Very rarely are we ever able to define our culture, but it is an ever-present reality influencing and driving the way each group thinks and acts. When
we speak of ‘culture’ we often mean the literary, scientific, artistic, religious and philosophical principles that influence our way of life. It is
therefore not unusual to hear of broad definitions like Western and Eastern culture, or of other cultural sub-groups. Within those broad categories
we can be more specific and speak of a church culture or a school culture or work culture, which is reflected in how things are played out within those
contexts.To put it simply, culture is ‘the way we do things around here.’
Every local church has its own way of doing things, which has an impact on relationships, behaviour and structures. Perhaps we accept stale corporate worship, placate forceful individuals, accommodate ungodly behaviour and fractured relationships because it has always been like that.The important question is, what is it that drives the way we do things around here? What drives the culture of St Paul’s? It can be biblical values, or it can be lesser values like our ethnic heritage, church traditions, personal comfort zones.
In our church there is vast difference in our cultural heritages which plays a significant part in how we approach everything that we do. I found the following table useful in understanding some of the broad differences.
The table is a generalisation but it is useful in highlighting the very different framework that Western and Eastern cultures have.
Our basic world-views are different. The most important lesson however, is that neither Western or Eastern perspectives align with the Biblical perspective. Whatever our starting point, God is in the business of reshaping our culture into one that is aligned by the gospel.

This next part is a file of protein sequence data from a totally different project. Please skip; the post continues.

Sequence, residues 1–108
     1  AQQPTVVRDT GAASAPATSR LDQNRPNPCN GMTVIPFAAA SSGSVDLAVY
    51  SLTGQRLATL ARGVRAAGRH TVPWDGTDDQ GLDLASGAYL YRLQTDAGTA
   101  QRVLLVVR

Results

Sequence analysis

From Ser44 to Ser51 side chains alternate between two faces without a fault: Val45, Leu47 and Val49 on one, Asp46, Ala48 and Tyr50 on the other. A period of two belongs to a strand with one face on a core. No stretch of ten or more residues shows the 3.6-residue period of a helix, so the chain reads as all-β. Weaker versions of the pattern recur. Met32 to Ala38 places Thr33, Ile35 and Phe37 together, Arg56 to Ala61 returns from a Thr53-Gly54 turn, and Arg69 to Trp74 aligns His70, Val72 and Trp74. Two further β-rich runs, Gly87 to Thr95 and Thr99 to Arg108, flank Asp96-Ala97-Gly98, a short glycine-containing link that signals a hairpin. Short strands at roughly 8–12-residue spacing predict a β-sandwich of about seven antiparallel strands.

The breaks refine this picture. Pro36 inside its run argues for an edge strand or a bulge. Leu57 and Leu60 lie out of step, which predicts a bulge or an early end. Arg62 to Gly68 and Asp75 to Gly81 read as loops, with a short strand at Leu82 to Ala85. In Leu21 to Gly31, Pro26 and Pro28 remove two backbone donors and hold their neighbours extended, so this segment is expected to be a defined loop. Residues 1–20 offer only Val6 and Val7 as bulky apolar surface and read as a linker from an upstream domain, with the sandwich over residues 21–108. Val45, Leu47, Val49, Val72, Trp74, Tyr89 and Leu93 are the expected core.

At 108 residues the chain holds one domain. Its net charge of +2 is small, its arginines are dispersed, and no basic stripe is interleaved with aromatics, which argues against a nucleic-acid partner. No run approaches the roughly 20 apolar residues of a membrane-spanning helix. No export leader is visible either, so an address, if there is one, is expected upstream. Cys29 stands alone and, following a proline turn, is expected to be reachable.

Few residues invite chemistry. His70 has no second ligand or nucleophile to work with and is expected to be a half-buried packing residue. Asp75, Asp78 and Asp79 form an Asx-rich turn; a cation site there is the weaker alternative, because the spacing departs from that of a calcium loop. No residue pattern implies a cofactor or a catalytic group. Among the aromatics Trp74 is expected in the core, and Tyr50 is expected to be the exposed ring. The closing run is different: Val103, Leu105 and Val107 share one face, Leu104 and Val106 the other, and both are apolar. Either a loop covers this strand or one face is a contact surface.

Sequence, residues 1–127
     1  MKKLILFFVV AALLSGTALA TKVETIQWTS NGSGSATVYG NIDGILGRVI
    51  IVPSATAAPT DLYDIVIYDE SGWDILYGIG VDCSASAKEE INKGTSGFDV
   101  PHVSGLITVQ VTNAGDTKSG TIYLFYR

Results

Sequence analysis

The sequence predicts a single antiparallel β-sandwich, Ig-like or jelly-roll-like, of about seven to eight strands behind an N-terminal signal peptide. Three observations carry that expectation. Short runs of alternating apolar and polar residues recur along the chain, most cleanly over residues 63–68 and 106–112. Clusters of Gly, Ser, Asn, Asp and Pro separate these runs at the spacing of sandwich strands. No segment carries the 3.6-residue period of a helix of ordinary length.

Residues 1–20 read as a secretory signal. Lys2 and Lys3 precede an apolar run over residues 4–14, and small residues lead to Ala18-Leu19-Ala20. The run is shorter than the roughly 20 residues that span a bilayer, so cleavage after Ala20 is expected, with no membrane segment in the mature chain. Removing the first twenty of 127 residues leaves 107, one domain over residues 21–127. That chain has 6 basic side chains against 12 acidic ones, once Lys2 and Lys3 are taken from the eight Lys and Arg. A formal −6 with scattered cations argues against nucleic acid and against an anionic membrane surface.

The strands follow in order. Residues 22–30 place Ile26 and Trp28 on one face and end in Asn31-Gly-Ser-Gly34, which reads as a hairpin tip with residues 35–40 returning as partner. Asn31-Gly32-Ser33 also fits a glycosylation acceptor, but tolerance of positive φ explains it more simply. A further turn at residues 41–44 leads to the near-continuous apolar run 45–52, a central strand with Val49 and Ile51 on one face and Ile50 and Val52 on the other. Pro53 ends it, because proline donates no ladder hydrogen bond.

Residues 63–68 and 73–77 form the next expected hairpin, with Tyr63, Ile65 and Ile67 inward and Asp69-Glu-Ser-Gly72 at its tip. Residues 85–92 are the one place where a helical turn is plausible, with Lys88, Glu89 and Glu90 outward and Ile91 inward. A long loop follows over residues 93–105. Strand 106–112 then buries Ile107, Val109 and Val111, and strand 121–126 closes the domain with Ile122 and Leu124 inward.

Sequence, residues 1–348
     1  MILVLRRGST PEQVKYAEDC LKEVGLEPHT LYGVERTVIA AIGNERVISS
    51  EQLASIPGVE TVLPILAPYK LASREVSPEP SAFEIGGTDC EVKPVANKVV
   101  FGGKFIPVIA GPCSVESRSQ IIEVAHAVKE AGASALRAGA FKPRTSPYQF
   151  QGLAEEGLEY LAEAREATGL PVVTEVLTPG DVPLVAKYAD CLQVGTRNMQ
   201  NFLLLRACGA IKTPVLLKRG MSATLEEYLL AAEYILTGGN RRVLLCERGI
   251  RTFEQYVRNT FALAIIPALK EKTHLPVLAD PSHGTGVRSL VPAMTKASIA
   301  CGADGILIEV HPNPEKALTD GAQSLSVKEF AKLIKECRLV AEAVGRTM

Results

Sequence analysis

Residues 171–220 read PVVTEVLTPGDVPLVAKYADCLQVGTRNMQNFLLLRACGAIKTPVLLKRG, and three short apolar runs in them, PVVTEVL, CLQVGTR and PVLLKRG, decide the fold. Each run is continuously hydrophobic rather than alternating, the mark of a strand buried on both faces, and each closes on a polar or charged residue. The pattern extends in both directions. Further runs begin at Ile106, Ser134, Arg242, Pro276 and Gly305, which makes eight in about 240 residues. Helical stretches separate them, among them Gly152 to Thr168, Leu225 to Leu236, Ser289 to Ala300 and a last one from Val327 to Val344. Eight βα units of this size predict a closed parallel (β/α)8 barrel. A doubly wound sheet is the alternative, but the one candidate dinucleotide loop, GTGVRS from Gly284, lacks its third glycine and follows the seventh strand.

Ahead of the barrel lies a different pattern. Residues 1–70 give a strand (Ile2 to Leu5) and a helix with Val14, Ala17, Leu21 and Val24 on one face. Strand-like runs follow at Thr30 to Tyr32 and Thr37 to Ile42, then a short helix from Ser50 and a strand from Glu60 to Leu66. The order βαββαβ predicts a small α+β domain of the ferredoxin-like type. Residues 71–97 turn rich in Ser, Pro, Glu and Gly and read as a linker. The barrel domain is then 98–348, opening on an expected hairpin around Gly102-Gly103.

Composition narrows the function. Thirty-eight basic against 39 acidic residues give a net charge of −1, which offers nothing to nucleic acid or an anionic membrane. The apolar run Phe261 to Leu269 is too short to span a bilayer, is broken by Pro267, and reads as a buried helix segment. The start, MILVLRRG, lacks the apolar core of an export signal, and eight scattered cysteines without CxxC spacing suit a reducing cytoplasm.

Cultures are driven by a set of values, which in turn are a consequence of a particular worldview. The values we hold both individually and corporately determine our attitudes, our vision, how we relate and behave, and therefore our culture. Real growth in churches is not the consequence of somebody putting more effort into the same old things that have not produced growth in the past. Rather, it is the result of embracing biblical values that the whole church is committed to, so that growth becomes a by-product.The following illustrates how culture is developed:
In the end it isn’t a matter of Western or Eastern as we look to the future and our mission to Chatswood, but of transforming every corner of our individual
and corporate life so that it reflects a gospel worldview.
At St Paul’s our worldview is shaped by the Christian gospel. It is the good news that Jesus Christ, the eternal Son of God and creator of all that is, came from heaven to live among his creation. He lived the perfect life that we couldn’t live, and died the death that we should have died. He triumphantly rose from death, ascended to heaven and is seated at the right hand of the Father where he rules all things. One day he will return and put every wrong right.
This good news brings people together. That’s generally what good news does! This is good news for people of every ethnicity, culture, age and socio-economic background. One of the greatest demonstrations of the power of the Christian gospel, is the coming together of all people in unity. The beauty of Christ and his work is displayed in a trans-cultural community. It’s a community where we ‘go beyond’ our ethnicities and inherited cultural identities to be thoroughly changed into a new entity. A new community. This new community reflects our new identity in Jesus, as children of God first and foremost above our own cultures and ethnicities. With deep security in Christ we are willing, together, to go through discomforts and difficulties to cross over, to give up, in order to understand and embrace people who are different than us. This is who we are and what we increasingly seek to be at St Paul’s.